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It may have been for the simple reason that they could not make themselves heard in the hubbub of the crowd. But it may perhaps have been for the sake of the brand new little church. They did not want it to be dependent on the authorities for its continuation. After the beating they should not have received the local believers were in a position of superior honour in relation to the authorities and not beneath them. They could spend time encouraging the believers before acceding to the authorities request and leaving the city.

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All of which is a good illustration of how to obey the instruction of Jesus in Matthew 10:16: ‘I am sending you out like sheep among wolves. Therefore be as shrewd as snakes and as innocent as doves.’

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Partakers Friday Prayers!

30th May 2014


We pray together and when Christians pray together, from different nations, different churches and different denominations - that reveals Church unity! Come! Let us pray together!

Order of Prayer Service

Opening Prayer

1 John 1:8-10

Confession

Lord's Prayer

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Prayers for those facing challenging situation

Prayers for those grieving & in despair

Prayers for those imprisoned

Prayers for Churches Worldwide

Prayers for the world

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Time for your own prayers

The Creed

Benediction

Closing Prayer

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Thursday with Tabitha


9. Obadiah by Tabitha Smith

This week we’ve reached the little book of Obadiah. He was the most minor of the minor prophets, in that his book is the shortest! In fact, it’s the shortest book in the whole of the Old Testament with just one chapter, containing 21 verses.
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Obadiah means “one who serves Yahweh”. We’re not told anything else about the prophet himself. In the course of the prophecy, the fall of Jerusalem (which happened in 586 BC) is referred to as a past event and the fall of Edom (which happened in 553 BC) as a future event. So it is likely that the book was written between these events.

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To understand the background to Obadiah, we need to head back to Genesis, to the account of the brothers Jacob and Esau. These two non-identical twins were born to Isaac and Rebekah. Even from their birth, they showed signs of not exactly getting along. Esau was born first, all red and hairy, and Jacob followed after him, grasping his heel. They grew up to be very different. Esau was a skilled hunter, favoured by his father, whilst Joseph was an introverted man who preferred to stay with his mother in the proximity of the family tents.


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Jacob famously tricked the hungry Esau out of his birth rite and later stole his father’s blessing by disguising himself as his older brother and fooling the elderly, blind Isaac. So Esau swore revenge on his brother and fully intended to kill him. Rebekah helped Jacob to escape and he fled to the territory of his uncle Laban. There he met and married his wives, Leah and Rachel. Esau, who was also called Edom, married several wives, including an Ishmaelite woman (that is, a descendent of Abraham’s first son by the slave girl Hagar).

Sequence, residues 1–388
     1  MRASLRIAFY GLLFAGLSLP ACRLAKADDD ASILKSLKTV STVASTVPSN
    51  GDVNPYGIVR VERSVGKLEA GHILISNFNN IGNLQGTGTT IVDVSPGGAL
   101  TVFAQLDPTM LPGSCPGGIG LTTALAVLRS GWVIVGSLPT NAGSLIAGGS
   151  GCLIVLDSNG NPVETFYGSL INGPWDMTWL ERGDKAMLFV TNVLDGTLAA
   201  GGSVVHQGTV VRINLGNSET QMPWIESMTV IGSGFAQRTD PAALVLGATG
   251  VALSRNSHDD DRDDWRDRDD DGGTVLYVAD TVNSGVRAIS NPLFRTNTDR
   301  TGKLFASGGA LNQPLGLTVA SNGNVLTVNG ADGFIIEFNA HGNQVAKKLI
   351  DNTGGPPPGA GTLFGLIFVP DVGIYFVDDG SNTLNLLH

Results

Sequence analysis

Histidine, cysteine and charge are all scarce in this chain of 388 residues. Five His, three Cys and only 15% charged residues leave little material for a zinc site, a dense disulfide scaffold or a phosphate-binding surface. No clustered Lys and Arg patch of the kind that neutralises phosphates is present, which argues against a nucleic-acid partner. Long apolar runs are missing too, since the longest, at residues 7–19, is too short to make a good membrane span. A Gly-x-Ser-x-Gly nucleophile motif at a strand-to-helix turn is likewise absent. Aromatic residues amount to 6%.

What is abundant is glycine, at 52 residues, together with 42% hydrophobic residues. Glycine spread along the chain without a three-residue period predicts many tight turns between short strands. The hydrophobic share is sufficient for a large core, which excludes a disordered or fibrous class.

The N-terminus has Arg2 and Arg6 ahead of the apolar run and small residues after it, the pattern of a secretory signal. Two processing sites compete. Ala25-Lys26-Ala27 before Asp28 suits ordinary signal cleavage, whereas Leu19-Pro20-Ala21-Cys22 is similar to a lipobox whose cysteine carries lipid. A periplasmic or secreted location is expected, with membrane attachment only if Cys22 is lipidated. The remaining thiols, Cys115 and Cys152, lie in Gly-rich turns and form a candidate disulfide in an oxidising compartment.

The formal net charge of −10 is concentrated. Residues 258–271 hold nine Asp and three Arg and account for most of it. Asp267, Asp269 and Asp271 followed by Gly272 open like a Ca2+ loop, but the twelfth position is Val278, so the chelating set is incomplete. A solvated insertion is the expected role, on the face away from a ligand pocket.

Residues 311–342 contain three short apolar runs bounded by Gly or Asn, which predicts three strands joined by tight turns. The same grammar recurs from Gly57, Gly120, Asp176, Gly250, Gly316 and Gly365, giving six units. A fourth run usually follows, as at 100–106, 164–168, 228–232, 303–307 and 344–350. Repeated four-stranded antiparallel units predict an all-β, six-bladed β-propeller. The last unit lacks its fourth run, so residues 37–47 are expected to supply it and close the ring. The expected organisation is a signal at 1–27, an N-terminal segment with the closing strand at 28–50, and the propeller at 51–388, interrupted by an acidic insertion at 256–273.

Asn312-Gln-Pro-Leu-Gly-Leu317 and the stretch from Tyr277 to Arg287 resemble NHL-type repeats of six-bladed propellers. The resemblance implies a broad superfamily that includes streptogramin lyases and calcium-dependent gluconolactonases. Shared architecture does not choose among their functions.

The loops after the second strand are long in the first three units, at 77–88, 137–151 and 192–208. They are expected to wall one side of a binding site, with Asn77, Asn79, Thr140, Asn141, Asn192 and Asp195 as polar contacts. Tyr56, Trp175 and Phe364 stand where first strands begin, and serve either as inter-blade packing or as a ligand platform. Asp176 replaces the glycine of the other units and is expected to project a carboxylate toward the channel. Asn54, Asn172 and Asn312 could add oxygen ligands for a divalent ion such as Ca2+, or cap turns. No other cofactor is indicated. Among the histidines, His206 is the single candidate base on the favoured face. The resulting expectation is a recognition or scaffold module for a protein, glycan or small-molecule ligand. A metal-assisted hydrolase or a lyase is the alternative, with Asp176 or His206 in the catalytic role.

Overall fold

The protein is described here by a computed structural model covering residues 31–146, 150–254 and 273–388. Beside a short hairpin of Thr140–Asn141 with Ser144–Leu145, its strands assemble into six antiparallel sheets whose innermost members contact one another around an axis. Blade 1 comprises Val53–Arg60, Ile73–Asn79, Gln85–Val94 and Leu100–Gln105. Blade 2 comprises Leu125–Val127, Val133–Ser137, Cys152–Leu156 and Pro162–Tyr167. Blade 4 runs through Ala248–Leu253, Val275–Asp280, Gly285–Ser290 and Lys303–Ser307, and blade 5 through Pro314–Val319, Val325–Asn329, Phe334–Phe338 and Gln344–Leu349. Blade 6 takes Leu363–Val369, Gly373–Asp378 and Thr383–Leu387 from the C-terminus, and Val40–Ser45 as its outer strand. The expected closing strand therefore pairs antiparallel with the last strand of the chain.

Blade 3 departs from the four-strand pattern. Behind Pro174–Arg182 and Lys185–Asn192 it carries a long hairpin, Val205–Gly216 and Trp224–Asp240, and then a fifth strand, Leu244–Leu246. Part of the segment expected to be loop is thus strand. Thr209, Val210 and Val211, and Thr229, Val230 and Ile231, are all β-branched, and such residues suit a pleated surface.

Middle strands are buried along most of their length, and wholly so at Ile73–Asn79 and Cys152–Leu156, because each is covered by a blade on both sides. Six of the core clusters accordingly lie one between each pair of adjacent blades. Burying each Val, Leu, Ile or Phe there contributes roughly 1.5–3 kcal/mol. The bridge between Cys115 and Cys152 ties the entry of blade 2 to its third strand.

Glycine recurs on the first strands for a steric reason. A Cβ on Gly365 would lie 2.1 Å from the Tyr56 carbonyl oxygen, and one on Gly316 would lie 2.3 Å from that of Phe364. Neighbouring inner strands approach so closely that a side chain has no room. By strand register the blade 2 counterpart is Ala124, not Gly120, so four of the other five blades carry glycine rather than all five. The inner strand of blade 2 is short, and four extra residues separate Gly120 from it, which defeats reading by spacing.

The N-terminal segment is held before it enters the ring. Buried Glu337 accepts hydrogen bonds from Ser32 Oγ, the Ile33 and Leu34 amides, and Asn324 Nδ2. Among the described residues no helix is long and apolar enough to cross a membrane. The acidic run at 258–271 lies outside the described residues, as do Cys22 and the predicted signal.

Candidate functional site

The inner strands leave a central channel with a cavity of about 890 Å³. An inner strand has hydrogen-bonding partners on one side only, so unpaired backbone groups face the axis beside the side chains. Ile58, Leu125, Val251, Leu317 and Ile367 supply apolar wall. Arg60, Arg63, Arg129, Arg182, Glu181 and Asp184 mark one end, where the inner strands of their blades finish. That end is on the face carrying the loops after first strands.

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Jacob and Esau did meet again some years later, and much to Jacob’s relief and surprise, Esau didn’t kill him on the spot but appeared to have forgiven him. Jacob still didn’t trust him though, and he took his family off in a different direction to avoid having to be in close proximity to his brother’s family.


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Jacob had 12 sons by his two wives and their two servants. His 4th son, one of Leah’s children, was Judah, and from his line the tribe of Judah came into existence. From Esau’s line came the tribe of the Edomites.


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The Edomites lived in the hill country of Seir. This was a mountainous region about 1500m above sea level. Their territory appeared to be impenetrable and they felt quite safe in their high dwellings. In Numbers 20 we read that after the Exodus from Egypt, the Israelites asked the Edomites for permission to pass through their territory along the King’s Highway. The Edomites refused, adding to the tensions between these two tribes. However, in Deuteronomy 23:7-8, God commanded the Israelites that they should not hate an Edomite in view of the brotherly connection between the two tribes.

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Edom was defeated by king Saul in the 11th century BC and subdued again by king David 40 years later. Edom became a vassal state of Israel but it was never completely de-stroyed.


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Fast forward to the time of Obadiah, and we find that the tribe of Judah, the sole remnant of the original 12 tribes of Israel, had been conquered and the capital city of Jerusalem had fallen to the Babylonians. During the conquest of Jerusalem by Nebuchadnezzar, some of the Judeans had tried to escape from the city and flee into the surrounding coun-tryside. The Edomites, rather than helping their neighbours and brothers in the time of their distress, sided with the foreign invaders and handed over the fleeing Israelites to the Babylonians. Psalm 137:7 recalls how the Edomites gloated over the destruction of Jeru-salem:

Remember, O LORD, against the Edomites the day of Jerusalem, how they said, “Lay it bare, lay it bare, down to its foundations!”